Submitted to: Journal of Chemical Ecology
Publication Type: Peer reviewed journal
Publication Acceptance Date: 1/24/2007
Publication Date: 4/1/2007
Publication URL: http://www.ars.usda.gov/sp2UserFiles/Place/36071000/Publications/Ranger203990_2007_Variation.pdf
Citation: Ranger, C.M., Singh, A.P., Johnson-Cicalese, J., Polavarapu, S., Vorsa, N. 2007. Intraspecific Variation in Aphid Resistance and Constitutive Phenolics Exhibited by the Wild Blueberry Vaccinium darrowi. Journal of Chemical Ecology. 33:711-729. Interpretive Summary: Viruses pose a considerable threat to the commercial production of highbush blueberries, Vaccinium corymbosum. Aphids infesting cultivated blueberry fields are one of the primary modes of virus transmission from infected to healthy plants. Managing aphid-transmitted viruses mainly occurs through insecticide applications and rouging infected plants. Aphid-resistant cultivars could provide a multifaceted approach to aphid and virus management. Since uncultivated blueberry species represent valuable sources of insect and disease resistance traits, wild accessions of V. darrowi were evaluated for resistance to the blueberry aphid, Illinoia pepperi. Phenolics, which are documented to confer resistance to aphids, were also measured in leaves and stems of V. darrowi to determine if such compounds predicted resistance levels. Several wild accessions of V. darrowi with resistance against I. pepperi were identified and are being used in a traditional breeding program to improve the resistance levels of existing cultivars. A correlation was not detected between phenolics and aphid resistance, which means other plant factors need to be considered as indicators of resistance.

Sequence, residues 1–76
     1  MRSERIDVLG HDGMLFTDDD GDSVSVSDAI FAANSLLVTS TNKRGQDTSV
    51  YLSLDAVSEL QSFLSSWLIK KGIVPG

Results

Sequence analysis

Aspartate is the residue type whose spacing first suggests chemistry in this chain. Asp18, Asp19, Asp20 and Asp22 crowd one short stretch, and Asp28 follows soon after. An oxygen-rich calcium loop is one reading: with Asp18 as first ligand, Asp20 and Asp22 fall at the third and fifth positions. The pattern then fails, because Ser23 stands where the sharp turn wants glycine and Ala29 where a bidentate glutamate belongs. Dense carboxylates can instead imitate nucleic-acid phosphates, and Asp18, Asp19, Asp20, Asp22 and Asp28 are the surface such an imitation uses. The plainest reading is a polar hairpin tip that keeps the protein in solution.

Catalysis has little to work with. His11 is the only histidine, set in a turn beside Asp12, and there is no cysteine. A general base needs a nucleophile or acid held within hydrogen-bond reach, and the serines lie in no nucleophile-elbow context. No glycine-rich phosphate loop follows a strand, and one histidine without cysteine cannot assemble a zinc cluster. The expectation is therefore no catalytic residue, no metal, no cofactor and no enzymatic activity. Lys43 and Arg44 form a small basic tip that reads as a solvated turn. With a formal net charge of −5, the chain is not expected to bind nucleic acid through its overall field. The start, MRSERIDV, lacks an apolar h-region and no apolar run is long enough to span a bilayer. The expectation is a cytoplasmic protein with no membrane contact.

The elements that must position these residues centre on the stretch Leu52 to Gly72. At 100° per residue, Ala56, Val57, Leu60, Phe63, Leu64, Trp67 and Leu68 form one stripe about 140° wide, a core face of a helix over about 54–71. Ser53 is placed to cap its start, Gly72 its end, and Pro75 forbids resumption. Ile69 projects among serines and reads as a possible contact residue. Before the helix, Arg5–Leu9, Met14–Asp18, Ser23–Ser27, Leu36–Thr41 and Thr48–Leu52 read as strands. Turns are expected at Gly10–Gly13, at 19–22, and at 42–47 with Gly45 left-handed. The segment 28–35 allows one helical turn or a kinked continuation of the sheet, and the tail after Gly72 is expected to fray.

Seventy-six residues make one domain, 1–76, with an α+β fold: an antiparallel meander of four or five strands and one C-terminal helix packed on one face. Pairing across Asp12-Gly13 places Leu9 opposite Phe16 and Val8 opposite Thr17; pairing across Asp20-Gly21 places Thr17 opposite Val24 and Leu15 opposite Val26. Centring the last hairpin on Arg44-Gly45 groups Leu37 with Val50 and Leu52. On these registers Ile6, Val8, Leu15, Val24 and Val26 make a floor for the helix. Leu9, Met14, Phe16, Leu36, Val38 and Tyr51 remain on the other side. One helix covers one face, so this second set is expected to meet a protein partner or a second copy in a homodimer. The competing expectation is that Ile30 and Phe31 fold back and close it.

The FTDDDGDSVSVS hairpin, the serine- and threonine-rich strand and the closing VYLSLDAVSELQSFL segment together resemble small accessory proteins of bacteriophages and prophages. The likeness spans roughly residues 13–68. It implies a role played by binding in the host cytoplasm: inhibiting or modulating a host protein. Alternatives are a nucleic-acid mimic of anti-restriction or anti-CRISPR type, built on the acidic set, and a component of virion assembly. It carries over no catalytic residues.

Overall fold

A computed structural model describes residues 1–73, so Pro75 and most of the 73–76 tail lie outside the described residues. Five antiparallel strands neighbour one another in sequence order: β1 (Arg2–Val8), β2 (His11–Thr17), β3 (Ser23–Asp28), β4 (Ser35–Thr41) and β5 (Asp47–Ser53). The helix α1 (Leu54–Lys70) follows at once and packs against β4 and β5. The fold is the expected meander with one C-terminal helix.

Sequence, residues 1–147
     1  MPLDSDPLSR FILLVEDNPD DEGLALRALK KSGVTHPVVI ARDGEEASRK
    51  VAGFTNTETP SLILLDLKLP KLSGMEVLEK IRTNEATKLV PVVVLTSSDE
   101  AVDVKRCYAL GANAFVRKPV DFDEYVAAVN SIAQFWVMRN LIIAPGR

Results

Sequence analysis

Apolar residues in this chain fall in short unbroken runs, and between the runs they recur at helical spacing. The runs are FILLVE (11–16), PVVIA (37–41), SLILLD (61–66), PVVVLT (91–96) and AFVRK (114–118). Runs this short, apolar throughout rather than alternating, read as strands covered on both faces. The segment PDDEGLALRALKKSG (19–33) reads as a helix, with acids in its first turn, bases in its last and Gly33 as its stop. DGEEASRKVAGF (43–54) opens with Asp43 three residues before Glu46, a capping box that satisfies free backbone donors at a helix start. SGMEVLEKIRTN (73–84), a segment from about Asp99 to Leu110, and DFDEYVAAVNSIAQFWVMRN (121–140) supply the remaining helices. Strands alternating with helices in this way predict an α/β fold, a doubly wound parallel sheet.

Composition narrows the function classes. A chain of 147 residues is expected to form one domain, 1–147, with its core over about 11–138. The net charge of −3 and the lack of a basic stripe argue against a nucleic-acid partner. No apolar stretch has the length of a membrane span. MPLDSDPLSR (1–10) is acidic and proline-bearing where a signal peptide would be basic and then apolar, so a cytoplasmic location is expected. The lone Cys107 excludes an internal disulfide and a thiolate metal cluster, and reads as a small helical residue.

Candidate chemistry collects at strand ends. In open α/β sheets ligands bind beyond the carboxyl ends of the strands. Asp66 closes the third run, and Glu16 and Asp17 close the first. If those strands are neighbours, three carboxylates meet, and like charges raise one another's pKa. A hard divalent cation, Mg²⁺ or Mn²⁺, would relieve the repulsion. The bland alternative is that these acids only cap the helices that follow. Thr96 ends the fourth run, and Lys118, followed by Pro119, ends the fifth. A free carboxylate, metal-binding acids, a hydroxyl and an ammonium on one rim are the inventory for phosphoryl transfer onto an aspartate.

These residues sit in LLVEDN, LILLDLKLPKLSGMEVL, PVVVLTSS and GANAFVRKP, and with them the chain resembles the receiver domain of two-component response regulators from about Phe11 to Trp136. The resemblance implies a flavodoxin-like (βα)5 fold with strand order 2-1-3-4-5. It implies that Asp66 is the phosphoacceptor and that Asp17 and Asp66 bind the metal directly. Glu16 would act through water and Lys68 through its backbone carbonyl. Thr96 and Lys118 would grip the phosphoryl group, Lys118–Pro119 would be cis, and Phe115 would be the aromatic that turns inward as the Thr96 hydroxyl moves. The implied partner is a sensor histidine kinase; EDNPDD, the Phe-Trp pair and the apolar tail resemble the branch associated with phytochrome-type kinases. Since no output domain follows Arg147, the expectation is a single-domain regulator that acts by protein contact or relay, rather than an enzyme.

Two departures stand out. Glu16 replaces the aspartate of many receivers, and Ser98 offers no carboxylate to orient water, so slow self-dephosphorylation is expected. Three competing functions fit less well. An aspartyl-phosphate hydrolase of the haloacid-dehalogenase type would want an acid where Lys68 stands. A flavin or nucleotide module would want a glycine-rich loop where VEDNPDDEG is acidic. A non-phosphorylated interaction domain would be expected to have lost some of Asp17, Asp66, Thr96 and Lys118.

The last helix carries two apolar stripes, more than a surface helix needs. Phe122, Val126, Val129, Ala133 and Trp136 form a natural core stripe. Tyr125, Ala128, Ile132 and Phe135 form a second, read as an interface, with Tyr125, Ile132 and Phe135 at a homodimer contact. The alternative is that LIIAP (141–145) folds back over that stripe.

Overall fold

Technical Abstract: Illinoia pepperi (MacGillivray) infests cultivated highbush blueberries, Vaccinium corymbosum L., in the Northeastern United States. Allopatric resistance to I. pepperi was examined using Vaccinium darrowi Camp, which evolved in the absence of I. pepperi in the Southeastern United States. Vaccinium corymbosum cv. ‘Elliott’ was used as a susceptible control. Between population variability in I. pepperi resistance was assessed by measuring length of the prereproductive period, fecundity, and survivorship on 14 V. darrowi accessions representing 11 discrete wild populations. Length of I. pepperi’s prereproductive period and survivorship were not significantly affected. However, significant differences were detected in fecundity and the intrinsic rate of increase (rm). Within population variability in resistance was measured by confining 1st instars to 24 accessions from a single wild population of V. darrowi (NJ88-06). Significant differences in the mean total number of aphids occurring after 20 d were only detected between 2 of the 24 V. darrowi accessions. A greater degree of diversity in I. pepperi resistance exists between populations of V. darrowi compared to within a population. Constitutive leaf and stem polyphenolics were also identified by HPLC-MS and quantified from 14 of the V. darrowi accessions. The accessions varied considerably in concentrations of five phenolic acids and seven flavonol glycosides, but a correlation was not found between individual or total phenolics and aphid performance. Overall, screening within and between populations of V. darrowi identified promising sources of aphid resistance, but phenolic acid and flavonol glycoside profiles did not predict resistance levels. The mechanism of resistance remains to be identified.